Polly Paul McMahon v. Commissioner., United States Tax Court - Memorandum Decision, T.C. Memo. 1996-523, Docket No. 3040-96., Filed November 27, 1996
Polly Paul McMahon v. Commissioner.
United States Tax Court - Memorandum Decision
T.C. Memo. 1996-523
Docket No. 3040-96.
Filed November 27, 1996.
Polly Paul McMahon, pro se. Jordan S. Musen and Amy A. Campbell, for the respondent.
DAWSON, Judge: This case was assigned to Chief Special Trial Judge Peter J. Panuthos, pursuant to the provisions of section 7443A(b) (4) and Rules 180, 181, and 183. 1 The Court agrees with and adopts the opinion of the Chief Special Trial Judge, which is set forth below.
1 Section references are to the Internal Revenue Code as amended. Rule references are to the Tax Court Rules of Practice and Procedure.
OPINION OF THE CHIEF SPECIAL TRIAL JUDGE
PANUTHOS, Chief Special Trial Judge: This matter is before the Court on the parties' cross-motions to dismiss for lack of jurisdiction. Respondent contends that this case should be dismissed on the ground that the petition was not filed within the 90-day period prescribed in section 6213(a), while petitioner contends that dismissal should be based on respondent's failure to issue a valid notice of deficiency as required under section 6212. There being no dispute that we lack jurisdiction over the petition filed herein, we must resolve the parties' dispute respecting the proper ground for dismissal.
On or about December 23, 1992, petitioner filed a joint Federal income tax return with her husband, Terry McMahon, for the taxable year 1990, listing her address as 2162 Ingleside Avenue, Macon, Georgia 31204 (the 2162 Ingleside Avenue address). Petitioner did not file tax returns for the taxable years 1991, 1992, or 1993. In April 1996, petitioner filed joint Federal income tax returns with Terry McMahon for the taxable years 1994 and 1995, listing her address as 2128 S. Freya, Spokane, Washington.
During the period October 1994 through March 1995, Revenue Agent Charles Caraway conducted an examination concerning petitioner's tax liability for the taxable years 1991, 1992, and 1993. By letter dated October 12, 1994, Revenue Agent Caraway invited petitioner to meet with him on October 24, 1994. Petitioner did not appear for the meeting. After attempting to contact petitioner by telephone, Revenue Agent Caraway received a letter from Terry McMahon, purportedly acting as petitioner's attorney-in-fact, requesting that Revenue Agent Caraway not communicate with petitioner until after November 15, 1994. That letter had the 2162 Ingleside address as the return address. Revenue Agent Caraway made another attempt to arrange a meeting with petitioner but apparently received no response. In March 1995, Revenue Agent Caraway prepared substitute returns computing petitioner's tax liability for the years 1991, 1992, and 1993, closed his file, and forwarded the matter to respondent's District Director's office in Atlanta, Georgia.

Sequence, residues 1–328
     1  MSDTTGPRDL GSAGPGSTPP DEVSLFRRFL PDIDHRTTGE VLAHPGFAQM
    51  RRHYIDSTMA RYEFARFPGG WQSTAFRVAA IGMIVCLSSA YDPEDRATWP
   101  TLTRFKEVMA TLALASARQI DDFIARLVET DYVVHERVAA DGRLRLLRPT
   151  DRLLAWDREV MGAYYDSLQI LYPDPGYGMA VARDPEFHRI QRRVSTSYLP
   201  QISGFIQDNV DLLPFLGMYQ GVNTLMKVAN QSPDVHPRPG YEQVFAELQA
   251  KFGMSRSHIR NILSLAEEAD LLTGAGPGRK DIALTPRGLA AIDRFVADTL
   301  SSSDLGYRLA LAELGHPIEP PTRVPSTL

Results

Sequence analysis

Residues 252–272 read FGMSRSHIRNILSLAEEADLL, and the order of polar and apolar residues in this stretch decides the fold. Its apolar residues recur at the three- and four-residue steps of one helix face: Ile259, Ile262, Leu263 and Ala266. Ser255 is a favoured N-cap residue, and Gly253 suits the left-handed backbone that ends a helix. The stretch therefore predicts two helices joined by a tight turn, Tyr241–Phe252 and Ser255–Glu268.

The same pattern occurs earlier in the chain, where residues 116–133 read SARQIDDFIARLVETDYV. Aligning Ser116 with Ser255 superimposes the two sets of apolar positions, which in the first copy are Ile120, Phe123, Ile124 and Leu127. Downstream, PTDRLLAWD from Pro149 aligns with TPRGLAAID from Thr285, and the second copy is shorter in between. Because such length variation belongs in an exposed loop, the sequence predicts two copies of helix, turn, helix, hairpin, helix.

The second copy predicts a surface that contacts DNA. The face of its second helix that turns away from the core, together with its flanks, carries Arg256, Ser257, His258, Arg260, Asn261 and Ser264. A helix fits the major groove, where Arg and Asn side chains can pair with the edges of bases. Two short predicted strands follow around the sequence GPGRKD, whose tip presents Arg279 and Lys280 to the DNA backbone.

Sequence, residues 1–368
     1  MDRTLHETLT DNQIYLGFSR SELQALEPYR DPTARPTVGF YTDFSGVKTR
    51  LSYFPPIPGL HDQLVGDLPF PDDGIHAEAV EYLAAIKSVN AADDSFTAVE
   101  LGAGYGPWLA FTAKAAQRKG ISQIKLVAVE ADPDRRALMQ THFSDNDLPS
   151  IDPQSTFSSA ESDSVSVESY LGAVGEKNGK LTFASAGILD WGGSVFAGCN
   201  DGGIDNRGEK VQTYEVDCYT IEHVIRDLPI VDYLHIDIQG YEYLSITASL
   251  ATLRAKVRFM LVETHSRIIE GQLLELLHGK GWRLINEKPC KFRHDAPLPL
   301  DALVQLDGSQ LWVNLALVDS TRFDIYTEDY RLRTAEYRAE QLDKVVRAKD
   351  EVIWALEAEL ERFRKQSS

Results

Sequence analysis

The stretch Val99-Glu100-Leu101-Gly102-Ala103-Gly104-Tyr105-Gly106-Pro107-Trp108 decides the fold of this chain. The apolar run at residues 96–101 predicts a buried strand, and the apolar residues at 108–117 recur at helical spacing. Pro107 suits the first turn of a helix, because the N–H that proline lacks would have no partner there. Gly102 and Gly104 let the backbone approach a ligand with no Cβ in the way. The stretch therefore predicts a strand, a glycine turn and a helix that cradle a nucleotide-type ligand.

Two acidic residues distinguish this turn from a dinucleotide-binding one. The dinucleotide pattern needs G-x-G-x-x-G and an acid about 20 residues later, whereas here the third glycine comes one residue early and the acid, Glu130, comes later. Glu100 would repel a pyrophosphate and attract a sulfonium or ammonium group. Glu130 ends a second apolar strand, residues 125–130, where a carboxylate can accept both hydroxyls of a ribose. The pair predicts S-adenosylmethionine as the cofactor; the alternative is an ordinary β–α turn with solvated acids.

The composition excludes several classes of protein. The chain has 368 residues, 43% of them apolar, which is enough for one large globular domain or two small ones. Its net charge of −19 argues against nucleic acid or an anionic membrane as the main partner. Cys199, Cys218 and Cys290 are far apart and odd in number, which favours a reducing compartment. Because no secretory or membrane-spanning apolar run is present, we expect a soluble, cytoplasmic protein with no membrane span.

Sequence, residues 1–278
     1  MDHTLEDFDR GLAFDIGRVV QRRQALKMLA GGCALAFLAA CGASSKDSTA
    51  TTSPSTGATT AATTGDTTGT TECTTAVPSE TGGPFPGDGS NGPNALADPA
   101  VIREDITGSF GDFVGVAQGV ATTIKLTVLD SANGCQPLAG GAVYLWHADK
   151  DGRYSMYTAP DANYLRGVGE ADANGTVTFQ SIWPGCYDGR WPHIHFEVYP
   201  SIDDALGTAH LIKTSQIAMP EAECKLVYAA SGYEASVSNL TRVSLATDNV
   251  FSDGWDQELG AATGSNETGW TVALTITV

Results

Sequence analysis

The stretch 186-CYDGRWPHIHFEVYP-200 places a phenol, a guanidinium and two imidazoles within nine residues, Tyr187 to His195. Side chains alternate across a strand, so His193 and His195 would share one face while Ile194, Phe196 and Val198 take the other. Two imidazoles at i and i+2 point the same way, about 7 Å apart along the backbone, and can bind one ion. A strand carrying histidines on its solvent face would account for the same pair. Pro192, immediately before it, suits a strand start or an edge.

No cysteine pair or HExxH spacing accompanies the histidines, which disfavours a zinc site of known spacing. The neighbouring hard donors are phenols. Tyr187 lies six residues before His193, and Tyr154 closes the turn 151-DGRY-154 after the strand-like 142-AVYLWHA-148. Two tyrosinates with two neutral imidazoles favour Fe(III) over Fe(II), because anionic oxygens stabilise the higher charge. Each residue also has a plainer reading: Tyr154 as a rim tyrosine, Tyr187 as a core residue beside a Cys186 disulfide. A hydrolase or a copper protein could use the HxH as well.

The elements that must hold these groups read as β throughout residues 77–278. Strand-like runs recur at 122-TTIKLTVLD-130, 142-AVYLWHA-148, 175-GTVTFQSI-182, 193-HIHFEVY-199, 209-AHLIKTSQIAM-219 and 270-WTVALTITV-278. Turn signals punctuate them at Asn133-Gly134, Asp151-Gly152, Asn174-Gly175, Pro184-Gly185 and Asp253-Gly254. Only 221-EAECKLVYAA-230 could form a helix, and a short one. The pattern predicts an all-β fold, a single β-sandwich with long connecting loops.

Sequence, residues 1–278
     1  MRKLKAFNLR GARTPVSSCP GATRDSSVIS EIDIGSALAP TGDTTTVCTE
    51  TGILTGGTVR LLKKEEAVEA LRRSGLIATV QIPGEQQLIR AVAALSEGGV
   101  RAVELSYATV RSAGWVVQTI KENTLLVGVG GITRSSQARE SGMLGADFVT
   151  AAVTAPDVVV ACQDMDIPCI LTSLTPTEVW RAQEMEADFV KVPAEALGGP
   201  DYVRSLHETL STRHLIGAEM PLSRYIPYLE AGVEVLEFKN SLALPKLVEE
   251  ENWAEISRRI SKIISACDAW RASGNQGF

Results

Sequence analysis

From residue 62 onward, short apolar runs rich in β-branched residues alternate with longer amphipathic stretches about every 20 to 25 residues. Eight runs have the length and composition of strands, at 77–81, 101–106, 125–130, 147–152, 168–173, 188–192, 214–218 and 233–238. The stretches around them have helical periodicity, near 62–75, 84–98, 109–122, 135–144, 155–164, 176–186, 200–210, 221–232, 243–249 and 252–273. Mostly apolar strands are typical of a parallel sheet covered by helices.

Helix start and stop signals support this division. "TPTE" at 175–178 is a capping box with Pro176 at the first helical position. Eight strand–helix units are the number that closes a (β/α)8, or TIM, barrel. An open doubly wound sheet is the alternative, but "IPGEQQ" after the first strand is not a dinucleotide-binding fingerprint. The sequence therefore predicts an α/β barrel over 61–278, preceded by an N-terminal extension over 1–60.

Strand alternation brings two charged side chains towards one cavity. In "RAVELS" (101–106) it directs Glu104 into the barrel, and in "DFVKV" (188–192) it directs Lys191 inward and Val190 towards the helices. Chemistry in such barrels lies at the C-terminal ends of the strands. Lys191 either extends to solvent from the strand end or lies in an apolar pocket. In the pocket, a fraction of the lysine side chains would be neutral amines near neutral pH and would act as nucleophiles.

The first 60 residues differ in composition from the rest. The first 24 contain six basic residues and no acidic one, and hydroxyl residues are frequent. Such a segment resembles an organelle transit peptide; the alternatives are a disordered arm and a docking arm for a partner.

During the period May through November 1995, Revenue Agent Randie Bodner, then assigned to respondent's collection division in Macon, Georgia, was responsible for collecting taxes from petitioner and Terry McMahon for the years 1992 through 1995. On June 29, 1995, Revenue Agent Bodner made a field visit to the 2162 Ingleside Avenue address and was advised by a receptionist at that address that the McMahons had moved to a new address on Ingleside Avenue. Revenue Agent Bodner proceeded to 2411 Ingleside Avenue where she found Terry McMahon loading a moving truck. Terry McMahon advised Revenue Agent Bodner that, although the McMahons were using 2411 Ingleside Avenue as an office, they were in the process of moving and were trying to find an acceptable space in a nearby apartment complex. Due to uncertainty as to where they would be moving, Terry McMahon was unable to provide Revenue Agent Bodner with a new address but advised that he would provide her with a forwarding address soon. Revenue Agent Bodner took a partial financial statement from Terry McMahon which includes a notation that the McMahons sold the property located at 2162 Ingleside Avenue. Revenue Agent Bodner made an appointment for Terry McMahon to visit her office on July 12, 1995. On July 11, 1995, Terry McMahon advised Revenue Agent Bodner that he would not be able to attend their meeting because he would be out of town. Revenue Agent Bodner did not hear from Terry McMahon again until she located him in Spokane, Washington, on March 8, 1996. Revenue Agent Bodner had no contact with Revenue Agent Caraway during the period in question.
Due to uncertainties as to where the McMahons would be moving, Terry McMahon arranged to have mail addressed to 2411 Ingleside Avenue forwarded to a private mail box that he opened with Mail Boxes, Etc., in Macon, Georgia. Terry McMahon planned to contact Mail Boxes, Etc., periodically for the purpose of having such mail forwarded to him at his new location. Mail Boxes, Etc., moved its facilities from 4524 Forsyth Rd., Suite 201, in Macon, Georgia, to 5962 Zebulon Rd., #201, in the same city.